You may ask, drawing lots of what? But this has been used as a method of splitting two teams. In the 1954 World Cup in Switzerland, FIFA hadn’t thought of the idea of ‘goal difference’. In two of the four groups, the top 2 sides finished on equal points. They drew lots to determine who would finish first. There is mileage in this idea, as Skytv could employ Simon Cowell or even Greg Wallace to announce who had chosen correctly, with the obligatory long pause during the announcement to build up the tension, before a winner was declared.
Straws could be used, both long and short, although it’s debatable whether television would be happy with matches being used, as the age-old tradition of children going out into their gardens after the Final, to emulate their heroes, could lead to one or two accidents.
Many a match in playgrounds up and down the country has been decided by this method. The main concern I would have with this option is whether your average footballer has the intelligence to work it out. I would suggest a period of training may be required, although as many coaches advocate you cannot replicate the drama of a shootout in training, it seems unlikely this would be possible. This would then lead to players seriously lacking in ‘match practice’ with this method and that could lead to a poor spectacle for the spectator.
I would be surprised if the powers-that-be at Sky have not already considered this. Such is the sheer weight of money they throw at the game, it could conceivably be a ‘nice little earner’ for them in return. This would then involve, not just the fans at the ground, but perhaps those unlucky enough to have missed out on tickets. Of course, big screens could be used to see the votes increase, but it is unclear how you stop tactical voting. The other inequity with this method is that should Millwall ever reach another Final, they wouldn’t receive any votes as no one likes them.
You could even have a ‘Strictly Cup Final’ or ‘X-Footer’ feel to the entertainment, with the great and the almost good of ex-footballers sitting on a panel giving their opinion of the performance. We would then be free to vote for whoever. Care ought to be taken to consult Channel 9 out in Australia first, though. They tried to hand the power of deciding Man of The Match in the recent cricket series against New Zealand, over to the great unwashed. The result was that no Australian could bring themselves to vote for their Antipodean neighbours and decisions had to be reversed at a later date.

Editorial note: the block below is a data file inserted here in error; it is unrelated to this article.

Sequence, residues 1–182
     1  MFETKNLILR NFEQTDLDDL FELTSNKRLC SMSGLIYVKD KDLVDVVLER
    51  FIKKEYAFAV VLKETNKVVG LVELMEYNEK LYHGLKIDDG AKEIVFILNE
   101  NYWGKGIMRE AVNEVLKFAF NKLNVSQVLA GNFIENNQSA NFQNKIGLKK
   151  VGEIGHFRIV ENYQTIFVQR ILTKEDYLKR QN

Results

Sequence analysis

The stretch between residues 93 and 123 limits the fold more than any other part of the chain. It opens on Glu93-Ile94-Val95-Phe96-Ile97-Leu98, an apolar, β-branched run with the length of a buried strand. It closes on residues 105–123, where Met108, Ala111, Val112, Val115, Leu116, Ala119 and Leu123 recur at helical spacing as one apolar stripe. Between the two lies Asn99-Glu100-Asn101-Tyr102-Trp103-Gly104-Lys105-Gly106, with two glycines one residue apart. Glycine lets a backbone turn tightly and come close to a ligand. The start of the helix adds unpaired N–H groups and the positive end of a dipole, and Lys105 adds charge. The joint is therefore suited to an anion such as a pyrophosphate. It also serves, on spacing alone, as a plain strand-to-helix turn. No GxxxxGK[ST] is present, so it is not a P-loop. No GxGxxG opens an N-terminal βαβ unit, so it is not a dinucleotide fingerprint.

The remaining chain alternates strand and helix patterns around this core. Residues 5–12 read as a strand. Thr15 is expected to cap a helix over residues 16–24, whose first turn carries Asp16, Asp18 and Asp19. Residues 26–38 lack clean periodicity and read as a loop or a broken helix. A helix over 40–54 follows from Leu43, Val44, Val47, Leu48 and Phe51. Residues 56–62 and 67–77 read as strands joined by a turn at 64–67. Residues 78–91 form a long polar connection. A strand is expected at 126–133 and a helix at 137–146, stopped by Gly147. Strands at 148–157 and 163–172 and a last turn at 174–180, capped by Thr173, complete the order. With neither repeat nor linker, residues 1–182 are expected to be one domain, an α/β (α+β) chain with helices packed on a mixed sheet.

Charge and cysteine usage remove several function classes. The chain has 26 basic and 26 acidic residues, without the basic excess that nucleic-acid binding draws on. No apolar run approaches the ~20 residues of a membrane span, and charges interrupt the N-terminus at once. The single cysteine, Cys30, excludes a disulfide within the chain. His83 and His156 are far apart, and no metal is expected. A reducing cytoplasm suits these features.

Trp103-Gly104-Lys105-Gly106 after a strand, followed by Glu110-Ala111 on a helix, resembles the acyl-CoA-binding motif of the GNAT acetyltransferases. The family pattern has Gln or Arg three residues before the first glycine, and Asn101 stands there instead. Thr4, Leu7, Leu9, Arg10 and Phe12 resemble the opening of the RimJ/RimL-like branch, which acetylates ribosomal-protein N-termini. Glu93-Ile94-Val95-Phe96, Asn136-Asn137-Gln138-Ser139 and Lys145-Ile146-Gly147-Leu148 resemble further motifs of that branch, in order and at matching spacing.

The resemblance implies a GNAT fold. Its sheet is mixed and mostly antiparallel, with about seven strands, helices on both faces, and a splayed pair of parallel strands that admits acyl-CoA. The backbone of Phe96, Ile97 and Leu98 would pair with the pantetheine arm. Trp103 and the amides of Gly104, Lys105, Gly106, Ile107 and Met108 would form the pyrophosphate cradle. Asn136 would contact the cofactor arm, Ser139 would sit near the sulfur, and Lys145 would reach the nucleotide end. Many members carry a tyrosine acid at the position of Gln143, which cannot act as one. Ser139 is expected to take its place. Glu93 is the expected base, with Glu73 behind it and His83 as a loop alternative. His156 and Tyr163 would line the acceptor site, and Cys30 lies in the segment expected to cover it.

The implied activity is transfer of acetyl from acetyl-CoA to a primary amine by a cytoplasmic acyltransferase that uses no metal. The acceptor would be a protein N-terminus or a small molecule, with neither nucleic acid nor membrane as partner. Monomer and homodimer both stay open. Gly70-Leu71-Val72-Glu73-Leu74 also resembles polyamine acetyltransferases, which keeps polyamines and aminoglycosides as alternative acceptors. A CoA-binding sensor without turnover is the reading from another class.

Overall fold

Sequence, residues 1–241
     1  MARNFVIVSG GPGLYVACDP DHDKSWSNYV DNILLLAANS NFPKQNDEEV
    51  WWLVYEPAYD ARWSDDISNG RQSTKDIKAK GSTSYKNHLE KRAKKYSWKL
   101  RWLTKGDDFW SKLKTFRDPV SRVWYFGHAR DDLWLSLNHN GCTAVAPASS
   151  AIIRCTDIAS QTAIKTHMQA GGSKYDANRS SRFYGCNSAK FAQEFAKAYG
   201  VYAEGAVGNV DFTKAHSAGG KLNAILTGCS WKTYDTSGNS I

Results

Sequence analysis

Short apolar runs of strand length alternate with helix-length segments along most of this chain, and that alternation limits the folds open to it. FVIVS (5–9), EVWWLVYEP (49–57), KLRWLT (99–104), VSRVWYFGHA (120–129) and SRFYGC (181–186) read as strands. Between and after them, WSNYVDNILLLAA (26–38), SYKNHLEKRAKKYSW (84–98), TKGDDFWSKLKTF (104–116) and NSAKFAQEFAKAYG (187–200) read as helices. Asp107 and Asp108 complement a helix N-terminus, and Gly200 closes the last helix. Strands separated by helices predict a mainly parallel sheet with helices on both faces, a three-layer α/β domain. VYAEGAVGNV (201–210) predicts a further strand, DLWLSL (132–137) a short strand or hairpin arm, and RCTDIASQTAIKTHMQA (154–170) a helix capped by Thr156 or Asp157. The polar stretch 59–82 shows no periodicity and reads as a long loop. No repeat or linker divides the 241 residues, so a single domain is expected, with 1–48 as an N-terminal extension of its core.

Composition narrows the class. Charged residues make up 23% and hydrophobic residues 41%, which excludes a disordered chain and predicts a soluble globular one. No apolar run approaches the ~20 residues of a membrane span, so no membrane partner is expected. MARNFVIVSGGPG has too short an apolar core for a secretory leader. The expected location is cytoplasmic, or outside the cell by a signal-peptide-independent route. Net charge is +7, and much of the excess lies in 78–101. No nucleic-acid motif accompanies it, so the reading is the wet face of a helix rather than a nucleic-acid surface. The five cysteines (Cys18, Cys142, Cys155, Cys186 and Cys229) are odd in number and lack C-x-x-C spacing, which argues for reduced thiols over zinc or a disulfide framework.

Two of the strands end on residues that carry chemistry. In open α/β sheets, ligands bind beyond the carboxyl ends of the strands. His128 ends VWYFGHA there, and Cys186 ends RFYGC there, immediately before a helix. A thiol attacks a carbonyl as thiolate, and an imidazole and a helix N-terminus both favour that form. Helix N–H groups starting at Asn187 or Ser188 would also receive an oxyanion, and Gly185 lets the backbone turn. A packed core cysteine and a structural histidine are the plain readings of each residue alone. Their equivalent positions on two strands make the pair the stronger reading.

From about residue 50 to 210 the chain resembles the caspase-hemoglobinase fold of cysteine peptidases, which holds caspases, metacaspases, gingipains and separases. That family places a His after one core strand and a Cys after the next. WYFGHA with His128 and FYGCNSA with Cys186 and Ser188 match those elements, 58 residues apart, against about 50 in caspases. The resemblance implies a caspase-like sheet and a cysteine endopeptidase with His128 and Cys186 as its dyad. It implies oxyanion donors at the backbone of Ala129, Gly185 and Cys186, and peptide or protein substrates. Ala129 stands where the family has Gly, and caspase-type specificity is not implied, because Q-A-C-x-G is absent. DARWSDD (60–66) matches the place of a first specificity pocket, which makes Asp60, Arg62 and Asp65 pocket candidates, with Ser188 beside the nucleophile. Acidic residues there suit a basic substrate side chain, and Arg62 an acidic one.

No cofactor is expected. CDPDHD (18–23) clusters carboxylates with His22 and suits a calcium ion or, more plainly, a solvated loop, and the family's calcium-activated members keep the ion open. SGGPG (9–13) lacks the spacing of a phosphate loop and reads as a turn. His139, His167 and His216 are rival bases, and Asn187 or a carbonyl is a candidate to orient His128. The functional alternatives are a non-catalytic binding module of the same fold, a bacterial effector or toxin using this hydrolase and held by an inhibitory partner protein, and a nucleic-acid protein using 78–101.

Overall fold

This idea, of course, wouldn’t work on the BBC as they still ban any kind of voting by phone. It also wouldn’t work in Europe, either, as they’d require a second vote if the first one didn’t produce the ‘right result’.
Personally, I never liked replays. Since the FA Cup Finals moved to Wembley in 1923, 5 went to replays. The first was in 1970 when Chelsea and Leeds played out a 2-2 draw. The replay was held at Old Trafford. The next Final that went to a replay was in 1981 when Tottenham and Manchester City drew 1-1. That was the first replay to be held at Wembley. The problem with these replays were that you still had the teams come out together and line-up together, but there was no build-up, no marching band, not even royalty graced a replay, and seeing the FA Cup Final played under lights just seemed wrong. Although, the 1981 replay made Ricky Villa’s career, as few remember how awful he was in the first match.
The Final was often played at least one month after the Semis, unless they were replayed! So, fans had plenty of time to buy tickets and get excited about the occasion. It hardly seemed fair they couldn’t see a conclusion to the game, including a trophy being lifted. Penalty shootouts seem so tough on the losing side. Obviously being a Liverpool supporter I am not used to that feeling, but I am an England fan and well accustomed to the empty feeling and sheer unfairness of the realisation that your man couldn’t hit a target from 18 yards.
It seems we are stuck with this method, though, as all other options have been exhausted. But if you can think of a better way, then please add your comments at the bottom and maybe we can gain enough to add a petition to the Downing Street website.